The late James Agee's A Death in the Family has the simple beauty and drama of a folk ballad. Set in the foothills of Tennessee's Great Smokeys, it sings of "quiet summer evenings" and a Knoxville family faced with the problems of love and human loneliness. It's a song about Rufus Follete, a boy of six years or so, who wants a cap like a man's and who finds the night frightening as he lies in his bed. It's about his father, Jay, who drives too fast and sometimes drinks too much, but who sings his son back to sleep with "Froggy would a wooin' go;" and about his mother, Mary, afraid for her loved ones and even more afraid to trouble them with these fears; about three year old Catherine, and about all sorts of people, some weak, some strong, most of them both.
The action covers the few days up to and after Jay's death in an automobile accident. By sensitively showing the impact of the death on each person, Agee created a novel full of intensely real emotion. The book is a truly poetic work with unity and power that came from a simple, dramatic plot developed through a musically subtle evolution of tone.
Joy, Tragedy, Refrain
The first of the novel's three parts is full of joy intensified by the painful difficulty of breaking out of loneliness and communicating this joy to loved ones: Rufus sees a Charlie Chaplin movie with his father and they walk quietly home looking "across the darkness at the lights of North Knoxville"; Jay, roused late at night to come to his sick father's bedside, makes his wife's breakfast in the 3:00 a.m. quiet of the kitchen to thank her because she had troubled to rise and make him something warm for the long night journey.
The second part is the somber and tense tragedy of Mary's brother identifying a body in the darkness along a country road, and of Mary waiting in the kitchen's stark white light, trying to adjust to the expected news of Jay's death. She waits alone despite her aunt's presence because sorrow, like joy, is a loneliness infinitely difficult to communicate even though, and yet because, it depends upon others.
The last part is a refrain. Somehow, for some reason, life must and should go on. Strangely, this is just what her husband's funeral seems to mean to Mary. The children must be made to understand what death is, why their father is "sleeping" but will never awake to tease them, or sing to them. Mary no less then they, must become more "grown-up" and realize what this death will mean. She once said her children were "brought up to trust older people when they tell (them) something. . . ." But she had promised Catherine and Rufus the night of Jay's death that he would be home when they awoke.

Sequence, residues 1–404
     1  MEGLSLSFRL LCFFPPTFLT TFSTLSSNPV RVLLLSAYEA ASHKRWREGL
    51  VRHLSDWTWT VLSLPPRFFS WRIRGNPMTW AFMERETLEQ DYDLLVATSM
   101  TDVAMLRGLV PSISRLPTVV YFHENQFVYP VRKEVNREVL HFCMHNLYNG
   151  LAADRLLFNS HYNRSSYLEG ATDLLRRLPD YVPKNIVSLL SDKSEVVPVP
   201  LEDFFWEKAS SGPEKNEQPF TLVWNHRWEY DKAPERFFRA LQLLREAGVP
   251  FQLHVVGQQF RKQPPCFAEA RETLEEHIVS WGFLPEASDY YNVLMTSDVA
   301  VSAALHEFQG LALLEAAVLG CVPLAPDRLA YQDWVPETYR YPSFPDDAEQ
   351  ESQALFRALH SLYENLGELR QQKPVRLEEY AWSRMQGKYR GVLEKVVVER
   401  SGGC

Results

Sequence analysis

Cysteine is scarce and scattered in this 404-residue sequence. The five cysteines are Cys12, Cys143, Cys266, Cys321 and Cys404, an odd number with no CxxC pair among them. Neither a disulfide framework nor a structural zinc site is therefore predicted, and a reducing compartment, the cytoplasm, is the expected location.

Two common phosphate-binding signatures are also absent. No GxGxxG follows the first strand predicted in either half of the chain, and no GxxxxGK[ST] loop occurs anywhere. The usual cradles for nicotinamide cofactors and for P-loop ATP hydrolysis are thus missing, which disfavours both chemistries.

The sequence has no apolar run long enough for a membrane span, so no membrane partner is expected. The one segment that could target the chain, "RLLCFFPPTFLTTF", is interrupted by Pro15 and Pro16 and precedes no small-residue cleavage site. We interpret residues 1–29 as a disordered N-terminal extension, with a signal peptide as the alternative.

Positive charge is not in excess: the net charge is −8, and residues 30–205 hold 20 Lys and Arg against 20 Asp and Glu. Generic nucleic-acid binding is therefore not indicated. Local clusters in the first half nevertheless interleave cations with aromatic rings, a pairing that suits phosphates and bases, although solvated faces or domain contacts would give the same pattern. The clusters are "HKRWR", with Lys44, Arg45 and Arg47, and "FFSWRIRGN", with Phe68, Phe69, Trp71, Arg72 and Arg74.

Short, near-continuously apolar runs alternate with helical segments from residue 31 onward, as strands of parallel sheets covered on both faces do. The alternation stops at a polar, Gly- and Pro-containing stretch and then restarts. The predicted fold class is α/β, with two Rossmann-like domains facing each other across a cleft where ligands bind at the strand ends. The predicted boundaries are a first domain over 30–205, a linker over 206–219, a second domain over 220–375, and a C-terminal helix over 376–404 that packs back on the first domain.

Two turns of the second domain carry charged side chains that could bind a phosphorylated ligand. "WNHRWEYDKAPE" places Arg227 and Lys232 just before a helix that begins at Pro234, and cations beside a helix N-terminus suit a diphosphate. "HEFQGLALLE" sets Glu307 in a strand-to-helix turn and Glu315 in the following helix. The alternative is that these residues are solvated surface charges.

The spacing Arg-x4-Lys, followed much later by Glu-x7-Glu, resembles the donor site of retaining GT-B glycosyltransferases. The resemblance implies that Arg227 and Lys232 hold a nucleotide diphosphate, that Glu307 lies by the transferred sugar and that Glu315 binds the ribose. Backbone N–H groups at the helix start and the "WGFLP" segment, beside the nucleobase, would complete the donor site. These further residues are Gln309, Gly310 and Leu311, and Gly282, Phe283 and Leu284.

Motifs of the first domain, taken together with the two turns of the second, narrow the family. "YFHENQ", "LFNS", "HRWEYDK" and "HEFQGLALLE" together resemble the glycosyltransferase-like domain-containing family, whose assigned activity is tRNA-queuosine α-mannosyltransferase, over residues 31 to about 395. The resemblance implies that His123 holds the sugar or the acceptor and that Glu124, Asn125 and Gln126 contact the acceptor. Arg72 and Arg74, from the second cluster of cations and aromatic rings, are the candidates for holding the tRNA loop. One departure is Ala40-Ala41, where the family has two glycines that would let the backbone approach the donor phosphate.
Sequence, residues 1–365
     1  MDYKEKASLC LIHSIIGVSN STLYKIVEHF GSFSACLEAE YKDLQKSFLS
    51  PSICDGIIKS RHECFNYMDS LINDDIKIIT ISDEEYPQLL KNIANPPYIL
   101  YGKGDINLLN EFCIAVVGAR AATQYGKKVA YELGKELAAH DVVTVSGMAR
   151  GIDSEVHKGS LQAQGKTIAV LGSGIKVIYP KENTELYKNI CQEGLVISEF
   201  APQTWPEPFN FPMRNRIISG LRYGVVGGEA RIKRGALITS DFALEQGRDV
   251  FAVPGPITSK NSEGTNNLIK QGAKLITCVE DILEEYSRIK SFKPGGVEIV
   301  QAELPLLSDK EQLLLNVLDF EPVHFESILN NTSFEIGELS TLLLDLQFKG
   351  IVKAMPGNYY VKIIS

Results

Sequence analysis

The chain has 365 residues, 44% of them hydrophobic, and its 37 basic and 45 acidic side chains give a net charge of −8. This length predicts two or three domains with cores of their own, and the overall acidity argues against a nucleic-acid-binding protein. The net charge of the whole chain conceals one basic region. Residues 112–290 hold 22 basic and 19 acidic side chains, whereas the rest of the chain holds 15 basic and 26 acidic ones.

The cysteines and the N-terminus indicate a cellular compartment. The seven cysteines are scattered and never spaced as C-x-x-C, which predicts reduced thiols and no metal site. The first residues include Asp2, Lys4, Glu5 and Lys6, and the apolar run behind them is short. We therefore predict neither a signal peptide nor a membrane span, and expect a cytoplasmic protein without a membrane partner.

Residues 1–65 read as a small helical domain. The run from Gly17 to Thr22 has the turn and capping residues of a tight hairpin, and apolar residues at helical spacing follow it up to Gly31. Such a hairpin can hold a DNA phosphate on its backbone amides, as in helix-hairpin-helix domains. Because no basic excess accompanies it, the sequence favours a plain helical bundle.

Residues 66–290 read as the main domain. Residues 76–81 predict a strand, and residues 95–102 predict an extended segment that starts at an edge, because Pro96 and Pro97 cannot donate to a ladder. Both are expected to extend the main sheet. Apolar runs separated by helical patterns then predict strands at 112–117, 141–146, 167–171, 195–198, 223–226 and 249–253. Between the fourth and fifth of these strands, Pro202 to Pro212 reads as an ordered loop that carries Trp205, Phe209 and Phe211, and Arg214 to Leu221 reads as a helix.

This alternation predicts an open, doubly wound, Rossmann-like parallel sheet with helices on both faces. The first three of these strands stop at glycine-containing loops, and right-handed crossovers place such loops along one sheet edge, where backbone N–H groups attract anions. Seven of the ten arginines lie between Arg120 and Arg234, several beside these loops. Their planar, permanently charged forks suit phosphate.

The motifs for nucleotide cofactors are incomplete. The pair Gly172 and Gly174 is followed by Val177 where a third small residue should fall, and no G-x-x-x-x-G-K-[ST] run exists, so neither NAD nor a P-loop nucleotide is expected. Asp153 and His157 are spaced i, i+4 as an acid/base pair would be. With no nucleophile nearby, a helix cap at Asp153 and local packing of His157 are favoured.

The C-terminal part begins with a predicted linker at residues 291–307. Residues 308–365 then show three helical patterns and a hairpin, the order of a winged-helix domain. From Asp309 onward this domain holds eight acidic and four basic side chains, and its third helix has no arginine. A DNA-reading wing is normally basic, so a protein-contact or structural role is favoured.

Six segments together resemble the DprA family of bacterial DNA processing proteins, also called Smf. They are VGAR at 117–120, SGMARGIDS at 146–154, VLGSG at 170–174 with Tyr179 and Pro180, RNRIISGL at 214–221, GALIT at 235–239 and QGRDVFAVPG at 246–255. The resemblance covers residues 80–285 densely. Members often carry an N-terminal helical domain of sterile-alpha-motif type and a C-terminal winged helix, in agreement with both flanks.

Give and Take
Every detail in the book is keyed to the general tones and the death is meaningful to all it touches. The wife of a stranger who finds Jay's body replaces with a sheet the horse blanket her husband had put over the dead man. This is the only way she can participate in the tragedy; it's all a stranger can do to show her sorrow and it's enough.
Agee handles the restrained give and take of those who people his beautifully evoked scenes with a grasp of the complexity in human relationships that is almost painful. He realizes that motives are never clear, be they involved in buying a cap or loving someone. His art skillfully builds up the tense situation of Rufus trying to select a cap that will not offend his Aunt's tastes, and yet satisfy his own preference for gaudy colors. She is equally concerned about not intimidating him in the choice, and the result is a scene of touching humor.
Rufus is at an age when he can feel this duplicity of love and hate in the concrete, sensual way of children--and poets--without forgetting its reality through the over self-consciousness of adult introspection. The development into this state is what marks the process of his growing up. Agee traces this growth through the boy's encounter with new words. At first "concussion" is an interesting sound, harsh and hard. Then he learns it is connected with a blow, just as it sounds, and that it is what killed his father. "Chariot," in "Swing low sweet chariot. . . ." is for him a "cherryut," ". . . a sort of beautiful wagon because home was too far to walk ... but of course it was like a cherry too" for both are beautiful and sweet, and so is home, though ever so far away. In one remarkable scene, Rufus uses a child's sensitivity to sound to judge the context of a conversation whose words he cannot hear or understand.
The poetic mixture of sight, sound, taste, smell, and touch that makes up a child's world is most beautiful in scenes of Rufus alone written outside the general text: "... (the curtains in the room) ... were touched by the carbon light of the street lamp, they were as white as sugar. The extravagant foliage which had been wrought into them by machinery showed even more sharply white where the light touched, and elsewhere was black in the limp cloth." These scenes were meant to be inserted in the story's sequence a la Faulkner, but Agee died before he did it and the editors have wisely chosen to print them as prologues to the book's sections rather than insert them without his aid.
Agee died in 1955 from a heart attack. He was 45, and like the father in his novel, died "in his strength." Unfortunately, he left few works behind him, among them no other novels. His was a unique talent, combining a rare sensitivity to the drama of domestic situations and a just as rare gift for poetic language. It's sad to think that equally fine works might have followed A Death in the Family. The book deserves to be read with the same kind of care he gave to its writing.